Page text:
KU coach Bill Self had another heart procedure months before hospitalization in March
After losing eight players to the NCAA transfer portal — and gaining four from that same pool of players during a two month overhaul of the Kansas basketball roster — Bill Self vacationed Thursday at his family’s beach house in Florida.
A bit of rest and recovery has seemingly come at a perfect time for the 60-year-old, 21st-year KU men’s basketball coach, who has been working at whirlwind pace since the 2022-23 season ended with a loss to Arkansas on March 18 in Des Moines, Iowa.
The same person who had a heart catheterization to treat blocked arteries in his heart on March 8 will be welcoming members of his 2023-24 Jayhawk team to campus for summer school and summer workouts in just a matter of days — June 6.
“I’m fine now. I feel good,” Self, who used the word “energized” to describe his current frame of mind, stated on Thursday, delaying a walk on the sand to appear on the Field of 68 podcast hosted by Jeff Goodman and Rob Dauster.
Self, who talked extensively about the heart problem that kept him from coaching the Jayhawks in the Big 12 and NCAA Tournaments to local reporters on April 5, added an additional detail on Thursday.
He initially had a heart procedure during the fall of 2022.
“I’ve had a heart issue going back to the fall that I didn’t let anybody know about. I had a valve replaced — aorta valve replaced — which is pretty common,” Self said on the podcast. “I mean it’s not like it’s a huge deal. It happens with a lot of folks and was told I would feel better immediately.”
“I just felt OK. I didn’t ever feel better immediately. I had some lingering things kind of going on,” Self added. “The day before the Big 12 tournament I had an episode where obviously it became much more than what it had been. I got great care. They took me to KU Med center and KU Hospital. I got a couple stents put in there immediately.”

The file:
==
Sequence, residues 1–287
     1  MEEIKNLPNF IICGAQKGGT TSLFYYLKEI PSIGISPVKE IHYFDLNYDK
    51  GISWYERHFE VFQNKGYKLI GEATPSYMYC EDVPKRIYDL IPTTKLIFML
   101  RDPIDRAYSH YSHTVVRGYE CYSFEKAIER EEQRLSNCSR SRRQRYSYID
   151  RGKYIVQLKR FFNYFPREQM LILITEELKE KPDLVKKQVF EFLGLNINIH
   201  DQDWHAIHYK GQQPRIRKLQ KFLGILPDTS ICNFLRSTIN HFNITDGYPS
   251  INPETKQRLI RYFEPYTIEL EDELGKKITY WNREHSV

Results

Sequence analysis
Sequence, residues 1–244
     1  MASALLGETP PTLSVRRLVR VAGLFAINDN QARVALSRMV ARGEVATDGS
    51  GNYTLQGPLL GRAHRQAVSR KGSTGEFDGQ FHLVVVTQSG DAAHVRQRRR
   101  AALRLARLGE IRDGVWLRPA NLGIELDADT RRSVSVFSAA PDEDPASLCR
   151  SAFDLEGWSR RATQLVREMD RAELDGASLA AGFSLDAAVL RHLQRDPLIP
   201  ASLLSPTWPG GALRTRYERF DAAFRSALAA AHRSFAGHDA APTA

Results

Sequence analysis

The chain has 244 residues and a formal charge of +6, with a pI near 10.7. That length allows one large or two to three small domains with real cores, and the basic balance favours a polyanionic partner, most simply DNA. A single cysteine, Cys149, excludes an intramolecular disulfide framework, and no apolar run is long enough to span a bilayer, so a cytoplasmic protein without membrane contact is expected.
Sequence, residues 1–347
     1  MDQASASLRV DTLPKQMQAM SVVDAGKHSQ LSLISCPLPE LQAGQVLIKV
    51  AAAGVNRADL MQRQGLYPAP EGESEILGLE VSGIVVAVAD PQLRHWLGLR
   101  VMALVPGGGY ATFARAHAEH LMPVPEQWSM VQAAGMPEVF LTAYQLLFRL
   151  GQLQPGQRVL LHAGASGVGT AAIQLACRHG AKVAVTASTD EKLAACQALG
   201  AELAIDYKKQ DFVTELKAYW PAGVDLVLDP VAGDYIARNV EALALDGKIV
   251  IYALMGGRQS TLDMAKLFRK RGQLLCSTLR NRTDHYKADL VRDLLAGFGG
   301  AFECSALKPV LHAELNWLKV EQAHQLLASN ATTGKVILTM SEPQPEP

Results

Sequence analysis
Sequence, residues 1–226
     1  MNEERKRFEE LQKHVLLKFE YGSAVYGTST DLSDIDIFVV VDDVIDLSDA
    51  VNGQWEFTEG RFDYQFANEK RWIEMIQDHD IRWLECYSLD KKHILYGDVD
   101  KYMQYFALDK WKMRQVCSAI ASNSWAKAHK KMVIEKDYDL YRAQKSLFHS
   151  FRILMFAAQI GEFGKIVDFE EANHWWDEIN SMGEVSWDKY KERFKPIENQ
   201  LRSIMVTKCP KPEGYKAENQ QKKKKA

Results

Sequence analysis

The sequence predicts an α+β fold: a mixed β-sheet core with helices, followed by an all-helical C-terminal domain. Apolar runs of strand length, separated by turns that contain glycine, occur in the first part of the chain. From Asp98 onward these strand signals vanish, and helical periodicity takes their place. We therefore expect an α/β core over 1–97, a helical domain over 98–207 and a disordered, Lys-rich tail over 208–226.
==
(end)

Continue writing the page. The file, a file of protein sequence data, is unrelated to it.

There had been talk Self might be able to coach the No. 1-seeded Jayhawks in the 2023 NCAAs. That didn’t happen, though he did attend practice sessions before KU’s first-round win over Howard and second-round loss to Arkansas.
“It was more of a balance situation with me,” Self said Thursday. “It was obviously impacted by my heart. It really affected my balance in a way where I thought I could coach until I stood up and did a quick movement and then I’d kind of get disoriented or whatever. They (medical team) wouldn’t let me coach, which was probably a wise decision for everybody.
“My team probably played better. Norm (Roberts, KU assistant) got us to the finals of the Big 12 tournament. We played well but the bottom line was as bad as I wanted to be out there — I coached the team in practice — I was slower. I could tell I wasn’t quite right. They told me I should lay off. If we were fortunate enough to advance I think I could have gone the next week in Vegas when we would have taken on Connecticut (in the Sweet 16).”
Self called the heart scare “a learning experience. I’ve taken a lot of things for granted in my life health wise and I’m sure a lot of folks have. Now it has made me think a little bit, dive into some things maybe like eat right (and) exercise.”
Self was asked if the current state of college basketball, which includes navigating the transfer portal and NIL, would make him think long and hard about how long he wants to coach.
“I have thought about it, but it was more that it was forced on me to think about it here recently,” Self said. “I took about a month or six weeks and reflected and thought a lot about it. And the one thing that I have found out in the time in which I had my episode was how much I missed it. With me I think it kind of helped make my long-term decision a little clearer in that I’ve missed this and I enjoy it.
“As much as today’s game has changed and as much uncertainty as there is with our sport in college basketball, and all the things that are going on, I think in some way it has kind of re-energized me, because if you don’t change, you’re going to get left behind.”
Self — he said on the podcast he expected to lose “five or six (players) just to be real candid” in the portal but did not expect Zuby Ejiofor and Ernest Udeh to leave the program — said of the portal and NIL: “The bottom line is we’re not putting the toothpaste back in the tube. So we’ve got to learn to adjust. It’s like coaching when there was no shot clock (and then changing) to the 35 second clock, or there’s no three-point line to the three-point line, and the adjustments that old school had to make. The best coaches our sport have ever known, the Eddie Suttons of the world, had to adjust and do it so successfully. I think it is kind of the same way now but it’s just off-the-court adjustments as much as it is on-the-court adjustments.”
The work on the portal has paid off, Self indicated.
The team has gained Hunter Dickinson, Arterio Morris, Nick Timberlake and Parker Braun and lost Ejiofor, Udeh, Bobby Pettiford, Kyle Cuffe, Zach Clemence, Cam Martin, Joseph Yesufu and MJ Rice.
“The portal over time, I don’t know it’s going to be good for us. I don’t see it being good for our sport over time,” Self said. “But for this one particular year, it was good. It was good for Kansas.”